A Memoir Of Depression
A story of pain and the search for a quiet mind.
Jul 24th, 2020 | 12 min read

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Trigger warning: content discusses suicide.

Little has been said or documented about the fact that depression is ridiculous.

Changing the channel on the TV makes me want to cry. It feel senseless and pointless. Emails pile up, the letter box overflows, the soil in the plant pots dry miserably. I feel that human contact is terrifying whilst knowing at the same time that there is nothing terrifying about human contact. Moving from the sofa to the shower to tend to my body feels insurmountable. The bin fills, the sink fills, the laundry basket fills. They sit untouched. I brood over the simplicity of cleaning a cup, a plate — the effortless action of something so uncomplicated and mundane. Yet clearing the sink seems mammoth and nugatory. How can the thought of rinsing of a cup occasion 40 minutes worth of rumination, guilt and self-hatred?

What used to give life shape, contour and colour has fallen away into some unknown void. My love for yoga, running, reading and writing has experienced sudden death. I am bent with sadness experiencing this psychic and physical draining of vigor and vitality. It is an internal ache that the English language falls short in giving description to.

If it wasn’t so dire, I would laugh at the insane absurdity of it all.

It is unthinkable for depression to arrive against the backdrop of a good life. A life punctuated by beautiful and cherished moments of parenthood, friendship, professional reward and accomplishment.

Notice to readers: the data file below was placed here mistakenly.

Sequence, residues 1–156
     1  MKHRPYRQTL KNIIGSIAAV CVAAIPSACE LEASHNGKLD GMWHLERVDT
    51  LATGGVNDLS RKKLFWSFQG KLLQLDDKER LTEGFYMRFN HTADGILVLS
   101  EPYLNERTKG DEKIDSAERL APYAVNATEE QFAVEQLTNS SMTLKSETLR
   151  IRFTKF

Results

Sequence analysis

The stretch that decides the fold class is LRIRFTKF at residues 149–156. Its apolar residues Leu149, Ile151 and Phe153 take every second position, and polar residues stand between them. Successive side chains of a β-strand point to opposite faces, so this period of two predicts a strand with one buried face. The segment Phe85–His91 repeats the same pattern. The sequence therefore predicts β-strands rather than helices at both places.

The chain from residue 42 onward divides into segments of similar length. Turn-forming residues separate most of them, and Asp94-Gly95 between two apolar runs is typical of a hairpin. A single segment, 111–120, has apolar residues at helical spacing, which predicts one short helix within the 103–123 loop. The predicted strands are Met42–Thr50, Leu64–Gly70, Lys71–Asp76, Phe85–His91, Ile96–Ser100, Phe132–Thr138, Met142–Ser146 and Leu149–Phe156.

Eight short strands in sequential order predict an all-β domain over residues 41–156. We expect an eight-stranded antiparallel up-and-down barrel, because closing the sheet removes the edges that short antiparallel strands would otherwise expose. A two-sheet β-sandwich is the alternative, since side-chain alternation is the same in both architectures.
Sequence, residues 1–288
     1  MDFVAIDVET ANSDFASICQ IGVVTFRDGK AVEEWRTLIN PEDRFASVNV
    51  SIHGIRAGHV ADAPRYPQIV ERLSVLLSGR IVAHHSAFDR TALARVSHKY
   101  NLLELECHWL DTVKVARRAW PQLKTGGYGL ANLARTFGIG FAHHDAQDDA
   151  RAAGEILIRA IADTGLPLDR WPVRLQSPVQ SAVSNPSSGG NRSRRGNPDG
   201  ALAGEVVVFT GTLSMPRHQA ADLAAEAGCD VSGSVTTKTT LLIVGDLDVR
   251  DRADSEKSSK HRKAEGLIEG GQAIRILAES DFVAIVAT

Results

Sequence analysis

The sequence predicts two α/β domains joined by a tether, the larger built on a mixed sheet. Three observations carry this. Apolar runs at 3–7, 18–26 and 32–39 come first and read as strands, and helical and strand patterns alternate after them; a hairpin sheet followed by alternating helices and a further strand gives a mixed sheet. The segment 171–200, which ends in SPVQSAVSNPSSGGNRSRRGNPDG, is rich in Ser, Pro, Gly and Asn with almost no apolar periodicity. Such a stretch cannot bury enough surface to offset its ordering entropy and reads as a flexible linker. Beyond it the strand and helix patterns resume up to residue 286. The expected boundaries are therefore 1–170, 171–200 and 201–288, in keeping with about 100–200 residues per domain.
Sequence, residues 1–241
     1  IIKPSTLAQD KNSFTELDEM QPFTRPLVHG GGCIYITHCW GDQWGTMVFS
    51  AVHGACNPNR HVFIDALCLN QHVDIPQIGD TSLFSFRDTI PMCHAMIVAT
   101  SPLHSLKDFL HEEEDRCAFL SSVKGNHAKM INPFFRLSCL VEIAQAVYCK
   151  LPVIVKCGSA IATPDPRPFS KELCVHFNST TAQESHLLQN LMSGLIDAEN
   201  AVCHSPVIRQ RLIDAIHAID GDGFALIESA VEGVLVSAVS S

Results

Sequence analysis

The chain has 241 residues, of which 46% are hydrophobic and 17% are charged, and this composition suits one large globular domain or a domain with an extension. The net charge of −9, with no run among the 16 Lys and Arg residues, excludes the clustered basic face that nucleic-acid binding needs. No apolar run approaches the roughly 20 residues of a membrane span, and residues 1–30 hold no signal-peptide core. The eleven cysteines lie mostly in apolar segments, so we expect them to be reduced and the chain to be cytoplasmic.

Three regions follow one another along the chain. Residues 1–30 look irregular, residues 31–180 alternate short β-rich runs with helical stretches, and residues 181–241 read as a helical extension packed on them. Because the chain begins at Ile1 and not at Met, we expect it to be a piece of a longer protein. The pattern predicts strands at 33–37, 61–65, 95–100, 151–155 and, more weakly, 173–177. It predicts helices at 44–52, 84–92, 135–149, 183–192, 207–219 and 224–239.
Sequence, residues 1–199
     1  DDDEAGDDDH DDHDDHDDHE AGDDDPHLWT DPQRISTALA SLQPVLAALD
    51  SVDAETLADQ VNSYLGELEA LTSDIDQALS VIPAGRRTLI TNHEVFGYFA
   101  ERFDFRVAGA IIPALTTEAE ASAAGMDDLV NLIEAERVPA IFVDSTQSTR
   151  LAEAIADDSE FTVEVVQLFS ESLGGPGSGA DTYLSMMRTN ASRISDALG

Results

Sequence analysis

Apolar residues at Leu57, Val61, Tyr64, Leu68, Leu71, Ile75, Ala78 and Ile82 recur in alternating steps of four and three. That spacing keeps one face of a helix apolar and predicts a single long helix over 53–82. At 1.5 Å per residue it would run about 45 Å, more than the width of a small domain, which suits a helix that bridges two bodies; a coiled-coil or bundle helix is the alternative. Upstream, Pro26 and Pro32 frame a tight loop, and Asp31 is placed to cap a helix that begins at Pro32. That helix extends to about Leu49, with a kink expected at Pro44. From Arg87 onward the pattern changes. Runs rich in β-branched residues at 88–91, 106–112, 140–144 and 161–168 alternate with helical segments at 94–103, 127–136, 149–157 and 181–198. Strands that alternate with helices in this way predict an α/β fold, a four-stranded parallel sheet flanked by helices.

Just when I thought I was emerging from one dark place; clouds parting and vitality starting to make itself known, I unpredictably slip quietly back into the black hole. Like a mole emerging from under his hill, only to find himself tethered at the neck, to some vexatious anchor deep within the muddy earth.

I ponder what could underlie the current intrusion of this cerebral trespasser. The sorrows of my childhood, the loss of my marriage, the remnant and residual pain of past trauma? No, it is not this. The traumas of old are in my rear view mirror. I am recovering from my losses, I have embraced my imperfections, I am relishing the wisdom and faculty that comes with the slow process of healing and maturing. I accept that others can betray, exploit and annihilate etcetera. I am rarely forlorn about relational disappointments. So all in all, all seems well if you know what I mean. Except that it’s very much not.

When it descends, I want my loved ones to understand, but I don’t have the energy to explain it. I want to reach out to their loving arms but the shame of my affliction causes me to withdraw from humankind. The exhaustion, the apathy and you know — the general fugue that occupies the air space of the depressed.

The air is thick and it resists my existence. Nothing and no one has corners or edges, vision blurs and definition of life absconds, both philosophically and literally. The universe and its inhabitants seems to exist on the other side of a glass pane — normalcy over there, me over here, locked in this dark prison.

Hours pass; hundreds of minutes spent staring into the bleak nothingness for minute on top of minute; an hour becomes hours, hours become days. Just nothingness. No will, no desire, no nothing. My body hollowing — disinterested in consumption of any kind and my brain shriveling from the sharp absence of stimulation. Guilt washes over and through me.

I don’t wish to come into contact with another human being lest they catch my damned disease. Or woe, would they see deep into my eyes and uncover the blackness of my soul.